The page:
Between Worlds

Between Worlds: Dybbuks, Exorcists, and Early Modern Judaism

J. H. Chajes
Copyright Date: 2003
Pages: 288
https://www.jstor.org/stable/j.ctt3fj2km
  • Cite this Item
  • Book Info
    Between Worlds
    Book Description:

    After a nearly two-thousand-year interlude, and just as Christian Europe was in the throes of the great Witch Hunt and what historians have referred to as "The Age of the Demoniac," accounts of spirit possession began to proliferate in the Jewish world. Concentrated at first in the Near East but spreading rapidly westward, spirit possession, both benevolent and malevolent, emerged as perhaps the most characteristic form of religiosity in early modern Jewish society. Adopting a comparative historical approach, J. H. Chajes uncovers this strain of Jewish belief to which scant attention has been paid. Informed by recent research in historical anthropology, Between Worlds provides fascinating descriptions of the cases of possession as well as analysis of the magical techniques deployed by rabbinic exorcists to expel the ghostly intruders. Seeking to understand the phenomenon of spirit possession in its full complexity, Chajes delves into its ideational framework-chiefly the doctrine of reincarnation-while exploring its relation to contemporary Christian and Islamic analogues. Regarding spirit possession as a form of religious expression open to-and even dominated by-women, Chajes initiates a major reassessment of women in the history of Jewish mysticism. In a concluding section he examines the reception history of the great Hebrew accounts of spirit possession, focusing on the deployment of these "ghost stories" in the battle against incipient skepticism in the turbulent Jewish community of seventeenth-century Amsterdam. Exploring a phenomenon that bridged learned and ignorant, rich and poor, men and women, Jews and Gentiles, Between Worlds maps for the first time a prominent feature of the early modern Jewish religious landscape, as quotidian as it was portentous: the nexus of the living and the dead.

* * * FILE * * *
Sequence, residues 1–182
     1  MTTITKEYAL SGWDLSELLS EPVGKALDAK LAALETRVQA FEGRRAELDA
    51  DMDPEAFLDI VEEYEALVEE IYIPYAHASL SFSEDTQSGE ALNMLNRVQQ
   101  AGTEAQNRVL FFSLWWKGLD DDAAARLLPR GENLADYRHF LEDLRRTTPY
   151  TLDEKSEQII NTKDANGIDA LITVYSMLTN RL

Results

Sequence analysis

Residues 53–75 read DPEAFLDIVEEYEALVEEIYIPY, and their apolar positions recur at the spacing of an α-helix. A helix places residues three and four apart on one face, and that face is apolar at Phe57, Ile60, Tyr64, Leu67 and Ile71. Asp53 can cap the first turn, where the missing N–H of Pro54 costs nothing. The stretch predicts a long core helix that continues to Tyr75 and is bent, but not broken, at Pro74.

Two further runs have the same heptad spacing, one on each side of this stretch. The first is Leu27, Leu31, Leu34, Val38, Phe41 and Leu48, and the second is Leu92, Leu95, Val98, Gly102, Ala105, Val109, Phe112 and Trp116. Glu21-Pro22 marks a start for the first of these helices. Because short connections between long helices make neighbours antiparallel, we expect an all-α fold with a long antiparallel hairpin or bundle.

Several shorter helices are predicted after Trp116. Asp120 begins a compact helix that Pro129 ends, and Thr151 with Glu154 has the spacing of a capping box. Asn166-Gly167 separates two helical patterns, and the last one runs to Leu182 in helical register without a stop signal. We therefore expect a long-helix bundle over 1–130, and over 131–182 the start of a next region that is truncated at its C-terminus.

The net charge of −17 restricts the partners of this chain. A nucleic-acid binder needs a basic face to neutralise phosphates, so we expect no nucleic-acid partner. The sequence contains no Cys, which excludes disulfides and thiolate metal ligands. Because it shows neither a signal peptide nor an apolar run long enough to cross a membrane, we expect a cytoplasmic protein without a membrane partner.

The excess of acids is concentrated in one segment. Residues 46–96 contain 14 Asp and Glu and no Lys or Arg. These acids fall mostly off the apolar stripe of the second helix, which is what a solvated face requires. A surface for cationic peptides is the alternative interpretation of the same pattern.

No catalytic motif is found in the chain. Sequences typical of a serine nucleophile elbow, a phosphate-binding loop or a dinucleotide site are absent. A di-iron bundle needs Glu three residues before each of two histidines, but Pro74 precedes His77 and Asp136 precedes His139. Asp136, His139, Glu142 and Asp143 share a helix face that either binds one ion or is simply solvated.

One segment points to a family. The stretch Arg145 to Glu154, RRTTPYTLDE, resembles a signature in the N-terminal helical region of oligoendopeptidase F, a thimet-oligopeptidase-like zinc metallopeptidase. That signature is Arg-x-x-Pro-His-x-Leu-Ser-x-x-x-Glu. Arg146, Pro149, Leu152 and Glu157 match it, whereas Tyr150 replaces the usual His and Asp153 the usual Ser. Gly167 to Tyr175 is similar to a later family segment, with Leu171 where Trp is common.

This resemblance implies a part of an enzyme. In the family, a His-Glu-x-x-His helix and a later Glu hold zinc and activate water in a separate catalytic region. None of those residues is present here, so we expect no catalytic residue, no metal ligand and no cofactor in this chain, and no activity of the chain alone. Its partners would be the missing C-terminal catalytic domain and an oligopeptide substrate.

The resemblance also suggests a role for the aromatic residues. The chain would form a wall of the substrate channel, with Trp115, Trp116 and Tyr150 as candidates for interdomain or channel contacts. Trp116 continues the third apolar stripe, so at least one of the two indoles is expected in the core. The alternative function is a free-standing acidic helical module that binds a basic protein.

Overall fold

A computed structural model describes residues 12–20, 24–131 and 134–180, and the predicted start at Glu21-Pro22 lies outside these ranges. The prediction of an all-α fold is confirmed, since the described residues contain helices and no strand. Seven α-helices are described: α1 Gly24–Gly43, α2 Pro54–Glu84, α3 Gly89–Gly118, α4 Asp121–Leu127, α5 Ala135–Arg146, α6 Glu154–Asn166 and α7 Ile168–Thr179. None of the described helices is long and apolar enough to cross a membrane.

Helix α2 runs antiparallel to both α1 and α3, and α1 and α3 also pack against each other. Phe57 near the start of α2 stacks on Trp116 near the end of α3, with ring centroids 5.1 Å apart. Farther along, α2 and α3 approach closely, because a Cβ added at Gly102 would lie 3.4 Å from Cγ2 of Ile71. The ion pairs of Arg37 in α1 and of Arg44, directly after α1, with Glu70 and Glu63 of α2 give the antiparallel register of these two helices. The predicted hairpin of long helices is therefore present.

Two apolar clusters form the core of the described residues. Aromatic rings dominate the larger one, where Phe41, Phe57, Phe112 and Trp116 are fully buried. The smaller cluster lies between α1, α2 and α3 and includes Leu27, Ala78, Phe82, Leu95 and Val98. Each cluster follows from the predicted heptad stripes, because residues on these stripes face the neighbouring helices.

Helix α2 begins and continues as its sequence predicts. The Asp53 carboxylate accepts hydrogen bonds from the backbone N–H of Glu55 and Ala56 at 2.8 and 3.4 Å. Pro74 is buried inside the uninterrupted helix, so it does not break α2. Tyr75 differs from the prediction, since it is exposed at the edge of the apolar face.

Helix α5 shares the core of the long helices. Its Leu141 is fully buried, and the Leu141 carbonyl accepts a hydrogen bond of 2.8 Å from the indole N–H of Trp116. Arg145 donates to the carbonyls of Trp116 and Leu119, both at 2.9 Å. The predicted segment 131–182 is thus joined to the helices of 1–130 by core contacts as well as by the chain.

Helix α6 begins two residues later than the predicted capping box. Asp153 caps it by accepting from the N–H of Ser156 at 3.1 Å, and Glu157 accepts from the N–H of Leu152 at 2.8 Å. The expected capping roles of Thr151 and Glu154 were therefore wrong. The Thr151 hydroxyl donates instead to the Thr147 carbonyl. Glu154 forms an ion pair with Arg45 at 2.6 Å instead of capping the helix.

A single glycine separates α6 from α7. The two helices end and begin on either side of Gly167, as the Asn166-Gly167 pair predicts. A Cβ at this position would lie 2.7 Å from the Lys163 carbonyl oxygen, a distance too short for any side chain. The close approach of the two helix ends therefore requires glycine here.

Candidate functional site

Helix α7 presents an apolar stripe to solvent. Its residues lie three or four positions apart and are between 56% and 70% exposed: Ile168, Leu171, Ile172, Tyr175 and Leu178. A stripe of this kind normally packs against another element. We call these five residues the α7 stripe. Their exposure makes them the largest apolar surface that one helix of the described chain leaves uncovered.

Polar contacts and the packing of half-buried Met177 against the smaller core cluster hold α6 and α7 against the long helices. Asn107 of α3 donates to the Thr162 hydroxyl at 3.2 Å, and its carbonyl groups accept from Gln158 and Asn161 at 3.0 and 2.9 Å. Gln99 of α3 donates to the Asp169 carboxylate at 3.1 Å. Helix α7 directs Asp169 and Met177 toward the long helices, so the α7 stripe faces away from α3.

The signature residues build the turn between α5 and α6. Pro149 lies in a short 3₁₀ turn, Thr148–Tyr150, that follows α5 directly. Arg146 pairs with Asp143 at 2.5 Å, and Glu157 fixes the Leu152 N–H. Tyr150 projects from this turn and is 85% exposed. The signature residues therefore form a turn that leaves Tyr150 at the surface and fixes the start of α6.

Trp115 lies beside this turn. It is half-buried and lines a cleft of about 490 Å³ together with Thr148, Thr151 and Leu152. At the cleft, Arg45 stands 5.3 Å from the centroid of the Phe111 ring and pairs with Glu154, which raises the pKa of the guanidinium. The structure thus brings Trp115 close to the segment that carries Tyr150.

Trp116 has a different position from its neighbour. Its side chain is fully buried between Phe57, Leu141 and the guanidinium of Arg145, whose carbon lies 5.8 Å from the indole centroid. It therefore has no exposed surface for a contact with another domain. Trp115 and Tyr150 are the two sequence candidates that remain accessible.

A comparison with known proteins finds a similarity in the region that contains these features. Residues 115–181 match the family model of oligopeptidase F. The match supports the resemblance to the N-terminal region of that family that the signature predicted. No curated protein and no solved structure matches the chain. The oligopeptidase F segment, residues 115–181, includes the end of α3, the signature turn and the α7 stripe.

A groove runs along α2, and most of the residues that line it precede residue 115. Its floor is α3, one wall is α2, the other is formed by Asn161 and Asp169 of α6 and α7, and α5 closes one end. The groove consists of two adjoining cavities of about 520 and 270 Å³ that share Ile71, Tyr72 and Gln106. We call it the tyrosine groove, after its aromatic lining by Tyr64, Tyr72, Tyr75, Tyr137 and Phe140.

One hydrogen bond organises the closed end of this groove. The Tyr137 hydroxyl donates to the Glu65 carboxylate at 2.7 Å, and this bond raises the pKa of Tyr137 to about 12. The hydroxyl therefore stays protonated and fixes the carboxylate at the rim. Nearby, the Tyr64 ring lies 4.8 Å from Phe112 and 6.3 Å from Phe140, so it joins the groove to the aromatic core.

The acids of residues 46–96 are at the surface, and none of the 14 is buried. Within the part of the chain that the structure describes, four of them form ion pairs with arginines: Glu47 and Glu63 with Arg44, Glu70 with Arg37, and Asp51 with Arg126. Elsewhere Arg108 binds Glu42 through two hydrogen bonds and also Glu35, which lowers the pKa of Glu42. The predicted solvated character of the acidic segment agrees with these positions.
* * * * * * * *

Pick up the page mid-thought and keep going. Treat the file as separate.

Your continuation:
eISBN: 978-0-8122-0155-0
    Subjects: Religion

Table of Contents

  1. Front Matter
    (pp. [i]-[vi])
  2. Table of Contents
    (pp. [vii]-[x])
  3. Introduction
    (pp. 1-10)

    In the early 1540s, a Jewish boy in the Galilean—and, for nearly a generation, Ottoman—village of Safed, was possessed by the soul of a sinner, a dybbuk.² Furious that the boy’s father had killed the dog in which he had formerly been lodged, the soul sought vengeance by killing the man’s son. The eminent sage who was called upon to exorcise the spirit, having forced it to speak with threats of excommunication, discovered that there was little he could do but rescue the boy by removing the intruder and banishing him to the wilderness. This he accomplished by...

  4. Chapter 1 The Emergence of Dybbuk Possession
    (pp. 11-31)

    How did sixteenth-century Jews make sense of spirit possession? To what affliction did they bear witness when someone in their midst began displaying the characteristic signs of the possessed? What sort of spirit was doing the possessing? Why and how did the possession take place? How distinctive was the Jewish construction of spirit possession in this period? These are the central questions we shall take up in this chapter.

    Here it would be apposite to say something regarding the identity of ghosts of the evil dead and demonic spirits in Jewish sources. This view could be found in Greco-Roman antiquity,...

  5. Chapter 2 The Dead and the Possessed
    (pp. 32-56)